Short Stories: The Stepchild? Novels: The Favoured Child?

Imagination does not discriminate when it gives birth to a story. I gathered the children of years of labor and set them free into the publishing world. There I learned the bitter truth. Correct me if I am wrong.

“Short stories have no market. Send in the novel.”

“I will take a pass on the short stories but I am open to novel submissions.”

“We are not accepting short stories at this point of time. Longer works of fiction may be submitted.”

The same lines over and over. I got the point. The question that rankled me is why?

I compiled my stories into an ebook and “A Smattering of Darkness: Short and Shorter Twisted Tales” was born. There was no way I was abandoning years of labour. I got a readership, definitely less than newly released novels but a readership for sure. I got reviews, though many reviewers stated that this was not their favourite genre. I got converts who gave the book a chance and figured short stories were not taboo and made for a good read too (pun intended)

What I gathered from this experiment was:

  1. People like to get into the depth of a character, which they feel is missing in a short story.
  2. Short stories lack meat.
  3. Short stories leave them feeling dissatisfied and incomplete.
  4. Short stories do not engross or connect with the reader the way a novel does.

Point noted. Yet there are many of us who love reading and writing short stories.

  1. Certain ideas lend themselves only to a short story. If stretched beyond capacity, the idea may meander aimlessly in a novel.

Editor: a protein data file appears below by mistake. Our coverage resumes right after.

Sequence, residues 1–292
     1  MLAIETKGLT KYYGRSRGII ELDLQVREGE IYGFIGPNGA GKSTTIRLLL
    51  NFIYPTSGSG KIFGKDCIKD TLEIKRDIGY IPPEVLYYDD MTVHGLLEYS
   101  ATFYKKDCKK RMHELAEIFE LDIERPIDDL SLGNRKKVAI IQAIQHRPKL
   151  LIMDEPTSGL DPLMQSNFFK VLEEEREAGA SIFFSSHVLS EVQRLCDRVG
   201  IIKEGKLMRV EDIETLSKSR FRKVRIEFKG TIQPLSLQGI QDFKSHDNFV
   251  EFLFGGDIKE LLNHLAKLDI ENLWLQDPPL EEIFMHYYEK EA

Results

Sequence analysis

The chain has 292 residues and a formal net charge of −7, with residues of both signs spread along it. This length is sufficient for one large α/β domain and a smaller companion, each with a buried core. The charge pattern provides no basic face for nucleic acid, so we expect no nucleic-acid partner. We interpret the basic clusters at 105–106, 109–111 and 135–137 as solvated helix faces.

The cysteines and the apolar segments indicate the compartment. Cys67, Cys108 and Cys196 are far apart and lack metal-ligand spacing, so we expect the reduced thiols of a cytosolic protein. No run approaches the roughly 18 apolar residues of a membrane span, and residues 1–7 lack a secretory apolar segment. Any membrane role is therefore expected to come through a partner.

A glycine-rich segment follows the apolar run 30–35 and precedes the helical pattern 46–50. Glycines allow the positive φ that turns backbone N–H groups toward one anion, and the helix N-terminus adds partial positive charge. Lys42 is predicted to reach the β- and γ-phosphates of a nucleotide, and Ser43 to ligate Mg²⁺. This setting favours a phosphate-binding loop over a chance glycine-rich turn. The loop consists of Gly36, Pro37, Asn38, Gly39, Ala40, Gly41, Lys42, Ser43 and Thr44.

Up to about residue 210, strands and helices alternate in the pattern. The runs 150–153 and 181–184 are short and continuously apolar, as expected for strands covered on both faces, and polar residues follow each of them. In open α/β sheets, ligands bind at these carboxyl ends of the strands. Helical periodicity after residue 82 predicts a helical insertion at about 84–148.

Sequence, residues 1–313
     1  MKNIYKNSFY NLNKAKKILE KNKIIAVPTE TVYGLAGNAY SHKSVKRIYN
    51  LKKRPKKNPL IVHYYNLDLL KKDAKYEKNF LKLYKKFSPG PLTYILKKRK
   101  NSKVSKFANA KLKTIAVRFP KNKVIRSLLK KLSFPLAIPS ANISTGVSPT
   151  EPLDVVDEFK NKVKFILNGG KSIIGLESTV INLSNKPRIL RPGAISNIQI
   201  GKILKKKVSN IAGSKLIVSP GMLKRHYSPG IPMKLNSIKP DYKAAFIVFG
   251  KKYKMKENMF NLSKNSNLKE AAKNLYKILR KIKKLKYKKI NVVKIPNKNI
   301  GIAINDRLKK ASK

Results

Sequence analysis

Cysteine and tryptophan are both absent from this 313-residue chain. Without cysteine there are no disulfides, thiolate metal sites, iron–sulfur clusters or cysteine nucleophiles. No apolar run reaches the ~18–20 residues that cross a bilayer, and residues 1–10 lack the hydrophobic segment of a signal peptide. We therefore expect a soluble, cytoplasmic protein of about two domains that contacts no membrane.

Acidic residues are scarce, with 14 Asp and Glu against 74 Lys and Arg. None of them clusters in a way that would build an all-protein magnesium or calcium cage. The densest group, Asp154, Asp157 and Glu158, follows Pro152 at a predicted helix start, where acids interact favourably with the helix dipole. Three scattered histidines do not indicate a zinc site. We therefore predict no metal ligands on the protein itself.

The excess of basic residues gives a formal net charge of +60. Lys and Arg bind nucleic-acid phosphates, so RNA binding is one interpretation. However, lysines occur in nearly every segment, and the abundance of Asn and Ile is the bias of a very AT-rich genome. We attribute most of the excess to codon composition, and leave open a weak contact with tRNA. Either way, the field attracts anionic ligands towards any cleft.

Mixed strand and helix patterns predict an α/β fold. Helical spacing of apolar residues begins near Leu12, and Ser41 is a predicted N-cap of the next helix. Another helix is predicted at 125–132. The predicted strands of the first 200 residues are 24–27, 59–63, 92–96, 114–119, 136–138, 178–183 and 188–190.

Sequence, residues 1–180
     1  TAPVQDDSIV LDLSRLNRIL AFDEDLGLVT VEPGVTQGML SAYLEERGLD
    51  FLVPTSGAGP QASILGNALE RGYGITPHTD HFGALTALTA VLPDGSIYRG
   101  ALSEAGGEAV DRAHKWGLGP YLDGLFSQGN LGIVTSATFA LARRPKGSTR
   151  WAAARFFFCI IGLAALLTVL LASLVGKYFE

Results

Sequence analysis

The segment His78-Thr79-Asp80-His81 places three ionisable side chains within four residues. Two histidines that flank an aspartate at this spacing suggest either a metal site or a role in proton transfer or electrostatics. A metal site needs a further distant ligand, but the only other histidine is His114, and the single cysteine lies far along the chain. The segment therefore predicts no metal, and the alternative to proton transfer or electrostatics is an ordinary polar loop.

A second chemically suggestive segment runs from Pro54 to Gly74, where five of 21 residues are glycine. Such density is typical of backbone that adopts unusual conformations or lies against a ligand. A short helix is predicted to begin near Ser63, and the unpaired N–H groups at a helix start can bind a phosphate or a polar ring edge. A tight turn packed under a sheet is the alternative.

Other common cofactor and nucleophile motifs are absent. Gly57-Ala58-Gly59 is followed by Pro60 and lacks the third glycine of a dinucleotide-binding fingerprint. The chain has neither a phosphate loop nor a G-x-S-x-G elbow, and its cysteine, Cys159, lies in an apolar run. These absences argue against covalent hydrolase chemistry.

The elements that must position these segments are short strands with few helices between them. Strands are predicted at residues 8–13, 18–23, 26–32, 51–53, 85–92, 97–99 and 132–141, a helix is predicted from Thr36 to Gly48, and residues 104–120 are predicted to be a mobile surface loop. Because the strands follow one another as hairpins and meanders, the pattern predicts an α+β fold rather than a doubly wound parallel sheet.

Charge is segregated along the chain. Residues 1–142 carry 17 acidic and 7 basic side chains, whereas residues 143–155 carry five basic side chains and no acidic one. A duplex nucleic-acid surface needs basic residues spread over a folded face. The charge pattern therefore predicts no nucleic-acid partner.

2. The luxury of time. In our busy lives, it is easier to finish a short story at a stretch than read a novel in bits and pieces.
  3. Many novel writers have a short story collection to their credit. Think Edgar Allan Poe, Jhumpa Lahiri, Haruki Murakami, Ernest Hemingway, Roald Dahl, Jeffrey Archer. Alice Munro and O’ Henry are well known for their mastery over the genre.
  4. A well written short story can be as impactful as any longer genre of writing. I have seen flash fiction on Twitter which leaves me awestruck.

Mighty oaks from little acorns grow. There is beauty in brevity too. Think of our childhood. Grimm’s Fairy Tales, Aesops Fables, The Panchatantra (book of Indian tales), The Gift of the Magi, The Monkey’s Paw. The list is endless. The short story brought the beauty of books into our lives. It is time to resurrect our old friends who have been cowering in the shadows cast by the dazzle of their novel brethren.

Alisha “Priti” Kirpalani is the author of a “A Smattering Of Darkness: Short and Shorter Twisted Tales,” a collection of short stories of varying lengths encapsulating the grey shades of the human psyche. Her new novel will be released later this year.

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